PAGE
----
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Supply Chain by the Numbers
   
 

- July 7, 2016 -

   
  Supply Chain by the Numbers for Week of July 7, 2016
   
 

Record Toll for Passage Through New Panama Canal; Rolling Delivery Bots to Start Working in Four Euro Cities; Yet Another Major Materials Handling Sector Acquition; US Deficit in Goods with China Soars

   
 
 
 

$829,468

That is what a Chinese container ship paid to pass through the expanded and newly opened Panama Canal a week ago, setting a record for the passage. The expansion of course is to allow much larger ships – up to 14,000 TEU from a 5000 TEU limit previously – to traverse the Canal connecting the Atlantic and Pacific oceans, offering a new route especially to US East Coast ports from Asia instead of going around Africa's Cape of Good Hope, using the Suez Canal, or moving goods by train from West Coast ports. We guess the economics work out, but that charge for the 11-hour journey through the locks is substantial. The first ship to go through the new Canal, from carrier COSCO Shipping Panama, paid a not inconsiderable $575,545, briefly holding the toll record. So with some quick math, if there were 7000 40-foot containers on that record setting ship, that amounts to a toll charge of $118 per container – maybe not so bad after all.

 
 


 
 
 

4

That's the number of European cities (London, Düsseldorf, Bern, and Hamburg) in which delivery robots from a company called Starship Technologies will start operating sometime this month. The Starship delivery bots will be stationed at select restaurants, delivery hubs, and supermarkets. When an order comes in, the bots will drive themselves to collect their cargo, store it in their holds (which can take about two shopping bags' worth of stuff), then roll on to their destinations. When the robot arrives, the recipient unlocks it by punching in a security code on a mobile app. The goal of course for Starship and its partners is to shave time and costs from "last-mile" logistics. Starship estimates that it currently costs up to £12 to have a package delivered on-demand in central London. Its plan is to get that number down to £1 per delivery.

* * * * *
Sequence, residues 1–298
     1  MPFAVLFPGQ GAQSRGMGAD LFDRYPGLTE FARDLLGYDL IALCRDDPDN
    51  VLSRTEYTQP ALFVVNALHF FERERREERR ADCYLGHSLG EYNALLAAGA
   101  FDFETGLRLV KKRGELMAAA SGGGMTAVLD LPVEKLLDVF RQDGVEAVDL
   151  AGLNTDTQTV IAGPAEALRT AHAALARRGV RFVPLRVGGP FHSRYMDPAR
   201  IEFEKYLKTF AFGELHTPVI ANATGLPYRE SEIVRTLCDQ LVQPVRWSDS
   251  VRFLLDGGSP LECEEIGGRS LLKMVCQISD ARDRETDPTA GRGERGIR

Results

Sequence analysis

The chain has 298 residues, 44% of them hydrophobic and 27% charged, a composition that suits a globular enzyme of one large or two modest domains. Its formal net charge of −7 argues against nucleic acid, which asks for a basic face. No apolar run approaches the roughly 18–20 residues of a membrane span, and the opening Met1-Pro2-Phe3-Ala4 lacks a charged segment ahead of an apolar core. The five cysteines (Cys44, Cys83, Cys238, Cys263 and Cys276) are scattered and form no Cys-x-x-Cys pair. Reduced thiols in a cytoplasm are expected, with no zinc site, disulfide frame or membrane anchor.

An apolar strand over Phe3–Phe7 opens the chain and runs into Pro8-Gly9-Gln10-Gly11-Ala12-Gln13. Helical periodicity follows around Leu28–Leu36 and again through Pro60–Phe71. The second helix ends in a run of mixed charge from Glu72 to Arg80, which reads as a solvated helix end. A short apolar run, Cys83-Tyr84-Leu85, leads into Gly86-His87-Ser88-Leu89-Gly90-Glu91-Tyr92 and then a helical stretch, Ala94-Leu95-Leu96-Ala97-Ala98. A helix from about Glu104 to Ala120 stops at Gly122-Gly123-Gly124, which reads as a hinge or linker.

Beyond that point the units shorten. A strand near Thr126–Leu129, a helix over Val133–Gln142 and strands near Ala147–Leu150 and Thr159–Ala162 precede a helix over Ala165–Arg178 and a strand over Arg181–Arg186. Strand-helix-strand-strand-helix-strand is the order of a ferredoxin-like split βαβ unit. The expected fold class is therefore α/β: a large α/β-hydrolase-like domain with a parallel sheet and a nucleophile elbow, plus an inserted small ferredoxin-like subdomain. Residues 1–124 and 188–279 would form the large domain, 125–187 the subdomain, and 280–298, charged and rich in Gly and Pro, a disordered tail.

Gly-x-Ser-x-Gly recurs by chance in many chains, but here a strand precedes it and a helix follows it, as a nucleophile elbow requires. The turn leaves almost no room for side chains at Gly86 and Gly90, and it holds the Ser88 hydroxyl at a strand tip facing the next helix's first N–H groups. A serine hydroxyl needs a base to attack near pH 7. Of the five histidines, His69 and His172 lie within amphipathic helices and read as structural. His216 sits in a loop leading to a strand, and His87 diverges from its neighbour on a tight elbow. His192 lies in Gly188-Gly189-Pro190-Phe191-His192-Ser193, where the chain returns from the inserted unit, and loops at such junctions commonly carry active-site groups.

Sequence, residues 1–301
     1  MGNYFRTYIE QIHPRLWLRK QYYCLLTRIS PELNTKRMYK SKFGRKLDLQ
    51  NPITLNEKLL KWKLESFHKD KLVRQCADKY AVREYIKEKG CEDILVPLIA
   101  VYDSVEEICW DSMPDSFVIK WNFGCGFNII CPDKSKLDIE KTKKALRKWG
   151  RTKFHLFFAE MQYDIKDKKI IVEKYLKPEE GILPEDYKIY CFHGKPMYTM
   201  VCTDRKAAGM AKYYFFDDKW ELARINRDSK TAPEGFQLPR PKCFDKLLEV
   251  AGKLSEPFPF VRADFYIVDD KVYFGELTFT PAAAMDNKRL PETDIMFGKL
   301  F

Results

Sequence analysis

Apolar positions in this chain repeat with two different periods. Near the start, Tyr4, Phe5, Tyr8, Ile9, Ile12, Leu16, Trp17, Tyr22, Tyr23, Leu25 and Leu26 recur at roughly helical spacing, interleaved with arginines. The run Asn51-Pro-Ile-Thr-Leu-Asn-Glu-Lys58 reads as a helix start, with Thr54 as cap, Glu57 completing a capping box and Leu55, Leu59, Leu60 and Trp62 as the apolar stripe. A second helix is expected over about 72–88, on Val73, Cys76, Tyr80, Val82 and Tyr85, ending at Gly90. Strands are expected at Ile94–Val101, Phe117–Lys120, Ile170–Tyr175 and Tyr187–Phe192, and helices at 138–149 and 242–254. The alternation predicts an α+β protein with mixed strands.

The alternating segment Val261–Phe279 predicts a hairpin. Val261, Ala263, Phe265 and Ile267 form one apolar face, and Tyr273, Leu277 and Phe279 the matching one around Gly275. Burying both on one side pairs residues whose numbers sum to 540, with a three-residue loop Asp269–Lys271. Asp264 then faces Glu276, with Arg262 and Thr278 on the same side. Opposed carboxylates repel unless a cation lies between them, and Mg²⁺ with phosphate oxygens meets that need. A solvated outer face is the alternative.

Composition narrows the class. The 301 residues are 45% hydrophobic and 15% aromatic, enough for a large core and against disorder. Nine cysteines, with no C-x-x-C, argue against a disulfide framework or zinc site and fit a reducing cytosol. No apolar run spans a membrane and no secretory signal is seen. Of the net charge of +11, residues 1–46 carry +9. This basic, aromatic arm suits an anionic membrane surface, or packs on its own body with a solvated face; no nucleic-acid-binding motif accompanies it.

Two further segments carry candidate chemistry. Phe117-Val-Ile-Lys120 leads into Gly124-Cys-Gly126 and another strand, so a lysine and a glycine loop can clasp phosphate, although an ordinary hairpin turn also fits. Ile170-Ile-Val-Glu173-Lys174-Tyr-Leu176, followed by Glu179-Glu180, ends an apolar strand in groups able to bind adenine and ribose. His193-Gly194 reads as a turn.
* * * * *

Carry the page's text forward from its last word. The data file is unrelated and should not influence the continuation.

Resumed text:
$29 Billion

That was the US trade deficit in goods with China for May, as reported this week by the US Census Bureau, up 20% from April levels and the highest total yet in 2015. That puts the trade deficit in goods with China at $131.2 billion for the year, and means breaking the annual record yet again in 2016 is now possibility. That record deficit of $367 billion was set in 2015, which broke the 2014 record, etc., but with lower deficits early in the year it seemed the 2016 total would be lower. That is still a strong possibility, but with the May gap a new record is again potentially in the cards. The overall trade deficit in both goods and services jumped 10% in May, to $41.1 billion, driven by a big jump in imports. We keep waiting for the US reshoring wave to show up in the numbers.

 
 
 
 

$1.5 Billion

That's what industrial giant Honeywell is paying to acquire Intelligrated, in the second major deal in the US materials handling sector in a week. Just a few days before, German fork truck maker Kion announced it was acquiring Intelligrated rival Dematic. Honeywell is said to have outbid Toyota Industries, the world's largest lift truck maker and Kion competitor, to acquire Intelligrated. The move by Honeywell, known primarily for widespread businesses in the automotive, aerospace, and controls sectors, was a bit surprising, though it has been in the supply chain business for years through acquisitions of data collection equipment providers Handheld Products, Intermec, and LXE. Good times and fast growth in the materials handling sector, driven by investments in omnichannel fulfillment, are behind the moves. Intelligrated is estimated to achieve $900 million in revenue in 2016.

 
 
 
 
 
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